Culture » Visual Arts

The world over

Andres Orlowski and his art have traveled the globe, then landed here



'One day he just walked into the gallery," says Gendega Spons, owner of G44 Gallery. "He had just moved to the Springs and he showed me his work, then I signed him right on the spot. I rarely sign people right on the spot."

In its 2½ years of business, G44 has showcased seven to eight artists per year. But Spons generally is very careful about who they are; since the gallery's only 500 square feet, there is no wiggle room for forgettable exhibits.

The reason for her uncharacteristic haste will be unveiled this weekend, when G44 opens Andres Orlowski's self-titled show. It's the artist and photographer's local debut, though his images have been shown nationally and internationally.

Orlowski was born in Michigan, and moved to Mexico City with his mother at age 2. Growing up, he divided his time between Mexico and living in the States with his father, who gave him his start in art. His father, an artist in his own right, took him to Italy.

"He loved the Renaissance," says Orlowski, now 41. "So he would take me to museums, and he would draw with me."

But there was a flipside to his dad's tutelage, too.

"He is very competitive ... he didn't want me to compete with him. [He felt] I was challenging him when I started painting professionally. He didn't accept me and my painting at first."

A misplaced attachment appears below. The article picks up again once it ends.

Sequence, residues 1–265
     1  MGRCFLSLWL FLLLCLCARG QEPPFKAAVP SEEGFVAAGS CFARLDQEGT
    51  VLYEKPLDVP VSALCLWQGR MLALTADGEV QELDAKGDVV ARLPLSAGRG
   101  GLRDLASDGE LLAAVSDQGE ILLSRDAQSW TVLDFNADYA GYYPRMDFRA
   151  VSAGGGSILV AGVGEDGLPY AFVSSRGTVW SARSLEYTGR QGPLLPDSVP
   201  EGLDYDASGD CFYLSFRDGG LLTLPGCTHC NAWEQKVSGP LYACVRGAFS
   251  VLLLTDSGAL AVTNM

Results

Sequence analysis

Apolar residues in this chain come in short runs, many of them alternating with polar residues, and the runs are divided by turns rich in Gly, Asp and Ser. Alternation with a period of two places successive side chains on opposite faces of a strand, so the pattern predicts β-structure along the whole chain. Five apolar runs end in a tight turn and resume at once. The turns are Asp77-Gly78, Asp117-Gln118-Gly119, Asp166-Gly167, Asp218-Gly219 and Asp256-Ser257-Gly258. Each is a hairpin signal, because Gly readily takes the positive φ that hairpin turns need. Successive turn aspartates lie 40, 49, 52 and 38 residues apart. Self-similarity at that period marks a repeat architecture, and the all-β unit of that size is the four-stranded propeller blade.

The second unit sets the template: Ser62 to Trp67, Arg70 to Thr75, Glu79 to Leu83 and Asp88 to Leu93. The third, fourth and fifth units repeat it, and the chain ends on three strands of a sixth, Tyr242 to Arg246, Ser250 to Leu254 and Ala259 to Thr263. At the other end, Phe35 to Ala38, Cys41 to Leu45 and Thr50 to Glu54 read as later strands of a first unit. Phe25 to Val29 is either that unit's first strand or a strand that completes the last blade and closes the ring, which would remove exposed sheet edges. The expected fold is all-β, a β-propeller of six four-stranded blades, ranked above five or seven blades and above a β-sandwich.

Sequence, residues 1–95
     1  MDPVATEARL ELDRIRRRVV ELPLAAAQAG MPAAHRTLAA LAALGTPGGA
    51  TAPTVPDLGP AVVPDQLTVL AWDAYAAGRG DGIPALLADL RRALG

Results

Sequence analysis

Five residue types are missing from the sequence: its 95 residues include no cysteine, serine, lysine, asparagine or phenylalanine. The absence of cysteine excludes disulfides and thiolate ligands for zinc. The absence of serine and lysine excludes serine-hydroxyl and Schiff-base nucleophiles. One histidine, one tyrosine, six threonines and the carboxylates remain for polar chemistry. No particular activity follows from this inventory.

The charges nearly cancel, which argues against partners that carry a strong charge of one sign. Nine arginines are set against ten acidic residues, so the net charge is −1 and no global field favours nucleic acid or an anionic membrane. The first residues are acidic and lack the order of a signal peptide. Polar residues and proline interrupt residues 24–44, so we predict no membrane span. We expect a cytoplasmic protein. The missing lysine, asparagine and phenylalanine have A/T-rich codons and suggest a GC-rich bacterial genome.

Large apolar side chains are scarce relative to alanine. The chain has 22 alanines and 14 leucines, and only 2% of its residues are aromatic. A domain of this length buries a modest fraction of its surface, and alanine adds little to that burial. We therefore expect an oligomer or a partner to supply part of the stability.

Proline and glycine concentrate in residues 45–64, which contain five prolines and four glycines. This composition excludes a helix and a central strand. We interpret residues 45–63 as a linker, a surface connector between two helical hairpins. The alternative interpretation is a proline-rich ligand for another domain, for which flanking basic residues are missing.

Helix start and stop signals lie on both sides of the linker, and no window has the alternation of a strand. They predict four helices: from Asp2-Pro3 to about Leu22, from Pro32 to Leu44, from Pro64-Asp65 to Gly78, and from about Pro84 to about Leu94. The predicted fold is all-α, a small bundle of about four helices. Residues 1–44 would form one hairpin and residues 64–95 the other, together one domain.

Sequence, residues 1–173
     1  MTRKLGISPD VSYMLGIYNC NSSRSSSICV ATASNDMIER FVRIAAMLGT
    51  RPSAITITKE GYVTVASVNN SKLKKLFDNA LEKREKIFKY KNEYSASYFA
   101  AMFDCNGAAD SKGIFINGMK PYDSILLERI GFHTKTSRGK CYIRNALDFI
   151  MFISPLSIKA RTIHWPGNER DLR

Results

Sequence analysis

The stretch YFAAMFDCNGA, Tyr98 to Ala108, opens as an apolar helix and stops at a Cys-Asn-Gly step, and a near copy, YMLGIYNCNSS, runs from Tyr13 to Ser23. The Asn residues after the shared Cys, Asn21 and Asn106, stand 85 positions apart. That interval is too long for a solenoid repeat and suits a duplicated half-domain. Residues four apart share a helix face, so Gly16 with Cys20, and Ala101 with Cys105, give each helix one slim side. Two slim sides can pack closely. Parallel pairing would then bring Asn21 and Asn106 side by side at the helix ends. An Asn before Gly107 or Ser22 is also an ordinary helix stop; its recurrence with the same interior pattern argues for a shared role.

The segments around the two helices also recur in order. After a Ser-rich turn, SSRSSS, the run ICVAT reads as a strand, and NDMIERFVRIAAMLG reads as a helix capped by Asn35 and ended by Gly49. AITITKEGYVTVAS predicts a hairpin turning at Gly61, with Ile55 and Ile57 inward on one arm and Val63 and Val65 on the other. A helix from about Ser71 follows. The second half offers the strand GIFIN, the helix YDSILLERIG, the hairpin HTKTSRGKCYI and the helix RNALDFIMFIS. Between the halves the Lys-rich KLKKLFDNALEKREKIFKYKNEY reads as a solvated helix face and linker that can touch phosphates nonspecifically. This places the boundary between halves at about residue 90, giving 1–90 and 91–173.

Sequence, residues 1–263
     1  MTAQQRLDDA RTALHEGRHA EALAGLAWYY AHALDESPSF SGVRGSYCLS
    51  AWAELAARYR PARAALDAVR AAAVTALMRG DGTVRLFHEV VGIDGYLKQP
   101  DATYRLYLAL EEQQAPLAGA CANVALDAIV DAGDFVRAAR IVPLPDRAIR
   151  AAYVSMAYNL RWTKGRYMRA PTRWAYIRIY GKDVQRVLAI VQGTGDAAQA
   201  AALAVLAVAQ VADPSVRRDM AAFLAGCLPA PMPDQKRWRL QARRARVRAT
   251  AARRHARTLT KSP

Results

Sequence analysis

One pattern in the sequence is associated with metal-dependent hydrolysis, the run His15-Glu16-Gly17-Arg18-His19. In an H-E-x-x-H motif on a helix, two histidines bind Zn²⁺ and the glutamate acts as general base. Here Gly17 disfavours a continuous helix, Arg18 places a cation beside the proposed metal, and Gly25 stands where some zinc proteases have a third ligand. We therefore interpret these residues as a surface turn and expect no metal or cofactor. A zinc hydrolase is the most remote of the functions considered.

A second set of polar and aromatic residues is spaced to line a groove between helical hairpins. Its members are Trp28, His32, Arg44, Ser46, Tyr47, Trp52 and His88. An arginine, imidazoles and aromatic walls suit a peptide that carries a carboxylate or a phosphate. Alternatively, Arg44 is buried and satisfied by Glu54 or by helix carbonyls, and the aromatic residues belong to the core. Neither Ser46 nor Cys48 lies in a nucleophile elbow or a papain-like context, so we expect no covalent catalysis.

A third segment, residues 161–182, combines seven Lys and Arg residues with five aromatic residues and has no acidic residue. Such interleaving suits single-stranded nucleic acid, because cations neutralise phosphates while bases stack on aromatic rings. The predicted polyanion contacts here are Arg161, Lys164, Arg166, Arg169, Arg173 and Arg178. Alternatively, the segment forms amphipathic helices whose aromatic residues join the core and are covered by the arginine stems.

So Orlowski for years used another outlet, borrowing from experiences from his youth in Mexico to write poetry. "I've always drawn and always written," he explains. "In Mexico I loved hearing my grandfather tell stories, he was a great storyteller. Mexico is a cruel place but can be very poetic, so it just [embeds itself] into what you write."

Once he finally took up his mantle as an artist, he studied at the Florence Art Academy. Since then, he's seen his works featured in Mexico, China and South Korea. His G44 show will include 15 photographs and two paintings from several different art series.

Those photographs — images manipulated with a painter's imagination — seem as if captured in someone's dream. A combination of real images and paint strokes makes it hauntingly difficult to discern the real from the surreal. "[These works are a] mixture of 'pictorialism' and symbolism," he says. "As a painter, having just the [photographic] image alone is rather boring. So my photographs have a painter's touch. They speak about the human conditions and who we are as humans."

Perhaps you've heard artists aspire to such things before. Spons would insist that Orlowski's approach is unique.

"His style is breathtaking and stunning," she says. "It makes you slightly uncomfortable; [his works] just draw you in and make you want to learn more."

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